The War Gardens of WWI and WWII were started to get citizens to help fill in the supply gaps left by sending food rations oversees to feed the troops. People filled their yards with abundant gardens all over the country. 

It has been reported that 40% of the food during WWII was produced in these gardens! When it became apparent the war would be won, the War Garden became known as the Victory Garden. 

Sadly, the consumers of the post-war era of the ’50s and beyond, embraced more of the fast-food meals and ditched many of the gardens in favor for pre-made choices that were fast and easy. This went along with the idea of post-war suburbia where everything was modern and new. Many of the suburban yards had no space for a garden, as consumers shifted to purchasing all foods from a handful of suppliers at the local supermarket.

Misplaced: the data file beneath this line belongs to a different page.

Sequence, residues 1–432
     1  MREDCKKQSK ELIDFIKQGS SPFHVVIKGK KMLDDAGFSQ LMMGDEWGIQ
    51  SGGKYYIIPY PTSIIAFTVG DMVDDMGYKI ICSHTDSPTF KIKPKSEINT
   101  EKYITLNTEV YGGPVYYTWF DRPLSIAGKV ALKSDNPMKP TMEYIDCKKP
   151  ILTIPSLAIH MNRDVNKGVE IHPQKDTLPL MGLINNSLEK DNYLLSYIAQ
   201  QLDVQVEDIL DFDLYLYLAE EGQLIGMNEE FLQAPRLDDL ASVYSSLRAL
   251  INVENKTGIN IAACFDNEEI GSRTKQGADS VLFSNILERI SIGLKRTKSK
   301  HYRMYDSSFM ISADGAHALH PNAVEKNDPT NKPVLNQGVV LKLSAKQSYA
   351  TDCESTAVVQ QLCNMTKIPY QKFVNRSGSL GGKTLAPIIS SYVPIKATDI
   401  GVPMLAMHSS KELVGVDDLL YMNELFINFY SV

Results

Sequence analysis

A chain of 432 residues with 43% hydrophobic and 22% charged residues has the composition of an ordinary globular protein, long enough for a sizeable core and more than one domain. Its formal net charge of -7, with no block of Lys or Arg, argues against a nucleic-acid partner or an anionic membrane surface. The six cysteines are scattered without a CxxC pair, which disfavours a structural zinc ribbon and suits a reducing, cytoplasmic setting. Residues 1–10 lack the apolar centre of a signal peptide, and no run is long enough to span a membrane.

These days we live in the wake of corona and uncertainty overseas causing fuel price spikes, fertilizer shortages, and other predicted shortages in the canned food industry. Empty shelves are still in the supermarkets as the supply chain does whatever it does. Isn’t now the perfect time to restore the Victory Garden? 

How do you start a modern victory garden? Grow what you like to eat! Eat what you grow. Grow fast and easy crops with the slower growing ones alongside so there is always something to harvest. Plant in succession every two weeks or so. Fertilize with compost and composted manures, compost teas, worm castings, or guano. Plant nitrogen fixing cover crops such as legumes like clover. 

Any crop you can produce yourself is one less thing you have to drive to the market for, and it is very satisfying to say “I grew this myself!” Share your abundance with your neighbors and friends or even the local food bank. 

What to grow now: 

There is still a chance of frost through the end of April and possibly into the first week of May in some areas. At the end of the month start planting your warm weather crops like tomatoes, peppers, squash, beans. Still good to go with root crops like green onions, beets, radish, carrots. It’s going to get hot fast, so I would hold off on planting lettuce, spinach, cilantro until early fall. 

Happy Victory Gardening!